Ask a Book Nerd: How do I ease back into reading after a tough job?
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One of my favorite things about running a book blog is all the people who ask me for book recommendations and for other advice about their reading lives.
I’ve also never met someone who had a truly unique struggle or problem that only they experienced. So I figured I’d share the advice I gave––anonymously, of course––in case it helps other folks.
This inspired the creation of a new series… Ask a Book Nerd! A literary advice column.
Here’s this week’s question…
Hey! I am going on a beach vacation. I used to love reading––especially reading at the beach––but with my work I end up too triggered and have almost entirely stopped reading. I’m going to get the one you just posted about the serial killer (funnily enough, murder is fine, rape, domestic violence or child abuse/neglect are hard for me). Any other book recommendations? Historically I’ve loved mysteries (Robert B Parker, Janet Evannovich), “literature” (JD Salinger, Maya Angelou, John Steinbeck), as well as memoirs/autobiographies. I also love adolescent fiction. Any thoughts or recommendations would be wonderful!
Soon-to-Be Beach Reader
Dear Beach Reader,
First of all, I’m SO jealous you’re going to the beach! It’s one of my favorite places to read so I’d love to send you on vacation with some good book recs.
For everyone reading this, the book about the serial killer I posted about on Instagram is My Sister, the Serial Killer by Oyinkan Braithwaite. It’s a YA novel that’s said to be darkly funny and “satire meets slasher.” I just recently got it and haven’t had a chance to read it myself yet, but everyone I know who has read it has loved it.
While I don’t have any hard data on this, I think what you’ve expressed about being okay with murder stories but not wanting to read stories with rape, domestic violence, and child abuse and/or neglect because they’re triggering is fairly common. If I had to venture a guess, I’d say it’s because murder is much less common than the other crimes and it also holds a place of entertainment value in our culture the way the other crimes don’t.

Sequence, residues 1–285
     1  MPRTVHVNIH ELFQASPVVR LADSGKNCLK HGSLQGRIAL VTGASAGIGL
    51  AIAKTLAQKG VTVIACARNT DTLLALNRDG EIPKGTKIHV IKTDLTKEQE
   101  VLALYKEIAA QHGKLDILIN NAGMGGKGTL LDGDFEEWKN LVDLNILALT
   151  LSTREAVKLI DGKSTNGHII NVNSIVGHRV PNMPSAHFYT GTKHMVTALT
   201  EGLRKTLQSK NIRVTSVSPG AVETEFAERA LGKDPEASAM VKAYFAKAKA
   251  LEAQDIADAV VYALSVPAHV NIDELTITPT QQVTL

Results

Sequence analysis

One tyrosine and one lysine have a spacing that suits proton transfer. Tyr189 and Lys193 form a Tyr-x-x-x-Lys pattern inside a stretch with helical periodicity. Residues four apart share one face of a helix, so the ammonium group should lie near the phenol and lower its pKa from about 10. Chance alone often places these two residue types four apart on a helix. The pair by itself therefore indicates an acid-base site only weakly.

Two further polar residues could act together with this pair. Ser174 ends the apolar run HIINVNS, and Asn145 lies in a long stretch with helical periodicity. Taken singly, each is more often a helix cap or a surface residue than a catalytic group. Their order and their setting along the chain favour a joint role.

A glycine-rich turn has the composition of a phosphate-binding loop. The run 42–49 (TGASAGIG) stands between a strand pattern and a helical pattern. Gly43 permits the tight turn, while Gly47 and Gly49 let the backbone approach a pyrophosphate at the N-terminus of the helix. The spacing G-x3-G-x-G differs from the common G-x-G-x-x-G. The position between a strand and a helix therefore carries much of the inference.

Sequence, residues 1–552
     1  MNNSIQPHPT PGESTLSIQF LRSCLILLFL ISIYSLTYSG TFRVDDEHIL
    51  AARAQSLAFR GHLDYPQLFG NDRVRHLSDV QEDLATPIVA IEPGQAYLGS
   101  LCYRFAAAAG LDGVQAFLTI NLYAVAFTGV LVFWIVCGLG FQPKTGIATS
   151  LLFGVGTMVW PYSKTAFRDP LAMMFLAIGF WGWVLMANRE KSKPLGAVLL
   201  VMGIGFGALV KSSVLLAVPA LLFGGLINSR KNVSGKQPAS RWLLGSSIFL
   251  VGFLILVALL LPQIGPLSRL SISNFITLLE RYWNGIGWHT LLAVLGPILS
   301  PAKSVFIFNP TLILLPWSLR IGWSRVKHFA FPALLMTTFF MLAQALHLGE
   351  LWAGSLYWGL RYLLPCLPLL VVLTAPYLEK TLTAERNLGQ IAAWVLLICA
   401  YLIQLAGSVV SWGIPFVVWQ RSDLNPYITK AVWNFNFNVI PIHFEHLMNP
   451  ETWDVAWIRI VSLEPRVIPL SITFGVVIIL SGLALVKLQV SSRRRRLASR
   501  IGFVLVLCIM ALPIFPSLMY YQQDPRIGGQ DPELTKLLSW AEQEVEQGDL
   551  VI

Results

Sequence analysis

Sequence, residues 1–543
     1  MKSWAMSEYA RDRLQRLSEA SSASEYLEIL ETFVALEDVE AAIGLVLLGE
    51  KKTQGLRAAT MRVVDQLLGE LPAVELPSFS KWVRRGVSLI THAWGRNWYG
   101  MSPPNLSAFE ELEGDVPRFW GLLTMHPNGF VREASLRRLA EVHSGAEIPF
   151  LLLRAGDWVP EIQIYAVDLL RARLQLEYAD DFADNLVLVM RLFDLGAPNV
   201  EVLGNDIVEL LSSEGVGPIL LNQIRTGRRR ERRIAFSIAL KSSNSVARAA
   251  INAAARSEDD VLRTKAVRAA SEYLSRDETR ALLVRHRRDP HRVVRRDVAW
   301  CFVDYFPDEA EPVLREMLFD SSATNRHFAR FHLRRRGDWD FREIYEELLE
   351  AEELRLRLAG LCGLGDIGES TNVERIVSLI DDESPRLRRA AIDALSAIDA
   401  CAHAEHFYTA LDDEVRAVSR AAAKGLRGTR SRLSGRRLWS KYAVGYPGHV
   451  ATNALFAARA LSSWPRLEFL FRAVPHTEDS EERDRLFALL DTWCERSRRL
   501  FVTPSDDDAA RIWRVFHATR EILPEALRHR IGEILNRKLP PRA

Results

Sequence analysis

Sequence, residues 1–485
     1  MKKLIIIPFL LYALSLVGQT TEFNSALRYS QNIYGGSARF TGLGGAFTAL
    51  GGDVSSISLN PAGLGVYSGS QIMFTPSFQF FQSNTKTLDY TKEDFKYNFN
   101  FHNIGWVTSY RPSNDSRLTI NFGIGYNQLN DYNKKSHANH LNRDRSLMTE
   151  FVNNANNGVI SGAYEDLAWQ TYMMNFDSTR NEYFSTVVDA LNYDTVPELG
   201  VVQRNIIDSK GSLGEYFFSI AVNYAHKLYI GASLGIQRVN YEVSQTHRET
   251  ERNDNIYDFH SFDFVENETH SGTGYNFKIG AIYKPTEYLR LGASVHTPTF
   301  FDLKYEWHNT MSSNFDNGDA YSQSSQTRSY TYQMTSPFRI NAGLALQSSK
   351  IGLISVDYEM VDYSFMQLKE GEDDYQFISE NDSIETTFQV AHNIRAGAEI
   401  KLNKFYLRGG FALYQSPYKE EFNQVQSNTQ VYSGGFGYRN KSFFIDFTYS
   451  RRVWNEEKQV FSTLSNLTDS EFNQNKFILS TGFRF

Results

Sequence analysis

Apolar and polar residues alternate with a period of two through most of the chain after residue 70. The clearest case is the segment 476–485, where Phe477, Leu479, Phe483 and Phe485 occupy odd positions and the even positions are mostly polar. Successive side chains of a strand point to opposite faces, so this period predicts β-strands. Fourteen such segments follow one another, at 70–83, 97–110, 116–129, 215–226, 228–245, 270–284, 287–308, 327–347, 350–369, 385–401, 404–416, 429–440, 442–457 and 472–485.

For example, people love murder mysteries but rape mysteries and domestic violence mysteries aren’t really a thing. I think, too, it’s because in murder mysteries (whether books, TV shows, movies, etc.) the murdered person doesn’t have to actually be shown dying. That plot point can be established from the beginning, before the story actually begins, so it’s an accepted fact from the get-go. That allows people to engage with the “whodunit” aspect without actually having to engage with the murder.
All that to say, I hear you! The particulars of your request make total sense to me and I’m happy to recommend books that fit your parameters.
For mystery I recommend Still Lives by Maria Hummel. It’s a twist on the art heist where it’s the artist herself that goes missing rather than the art.
Hope Never Dies by Andrew Shaffer is a delightful Obama/Biden mystery that’s very good but also adorable because they work so well in a buddy cop situation. It’s a well-told mystery, but it’s just fluffy enough to keep you from getting depressed.
For YA, I recommend: When Dimple Met Rishi by Sandhya Menon, Pride by Ibi Zoboi, Simon vs the Homo Sapiens Agenda by Becky Albertalli, and Undead Girl Gang by Lily Anderson.
When Dimple Met Rishi is a romance about two Indian teenagers whose parents set them up for an arranged marriage, which Dimple is vehemently opposed to, yet she finds herself actually falling for Rishi. Then she has to figure out whether she’s really doing what the wants or falling into a trap her family has set.